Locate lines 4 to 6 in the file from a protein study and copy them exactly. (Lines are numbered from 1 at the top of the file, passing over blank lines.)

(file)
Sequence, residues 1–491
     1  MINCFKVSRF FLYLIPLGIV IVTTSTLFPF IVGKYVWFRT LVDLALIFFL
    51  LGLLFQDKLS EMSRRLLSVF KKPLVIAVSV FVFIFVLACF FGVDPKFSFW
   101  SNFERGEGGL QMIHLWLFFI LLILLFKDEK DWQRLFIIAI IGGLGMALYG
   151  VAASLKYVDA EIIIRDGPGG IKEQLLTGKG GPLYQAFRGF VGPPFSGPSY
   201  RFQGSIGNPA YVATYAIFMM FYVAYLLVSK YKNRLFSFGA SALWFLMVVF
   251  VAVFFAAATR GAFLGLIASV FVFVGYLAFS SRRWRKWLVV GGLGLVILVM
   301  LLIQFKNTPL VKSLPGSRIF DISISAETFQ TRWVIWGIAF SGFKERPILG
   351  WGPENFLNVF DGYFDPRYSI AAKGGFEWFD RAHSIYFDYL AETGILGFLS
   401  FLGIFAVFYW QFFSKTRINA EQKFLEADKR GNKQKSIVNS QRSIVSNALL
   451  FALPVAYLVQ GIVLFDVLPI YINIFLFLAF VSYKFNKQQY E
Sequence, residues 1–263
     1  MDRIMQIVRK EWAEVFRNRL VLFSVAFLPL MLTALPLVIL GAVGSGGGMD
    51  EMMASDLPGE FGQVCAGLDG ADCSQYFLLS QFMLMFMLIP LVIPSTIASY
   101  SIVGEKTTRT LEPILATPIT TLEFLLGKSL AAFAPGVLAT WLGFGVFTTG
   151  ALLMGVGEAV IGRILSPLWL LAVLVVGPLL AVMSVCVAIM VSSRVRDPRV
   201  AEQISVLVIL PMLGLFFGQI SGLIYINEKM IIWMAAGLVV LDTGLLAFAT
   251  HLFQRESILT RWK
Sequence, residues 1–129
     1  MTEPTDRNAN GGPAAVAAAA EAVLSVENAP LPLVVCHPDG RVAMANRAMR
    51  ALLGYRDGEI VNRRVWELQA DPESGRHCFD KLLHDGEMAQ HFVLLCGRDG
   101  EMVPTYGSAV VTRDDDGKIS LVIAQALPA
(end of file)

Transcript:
   101  SNFERGEGGL QMIHLWLFFI LLILLFKDEK DWQRLFIIAI IGGLGMALYG
   151  VAASLKYVDA EIIIRDGPGG IKEQLLTGKG GPLYQAFRGF VGPPFSGPSY
   201  RFQGSIGNPA YVATYAIFMM FYVAYLLVSK YKNRLFSFGA SALWFLMVVF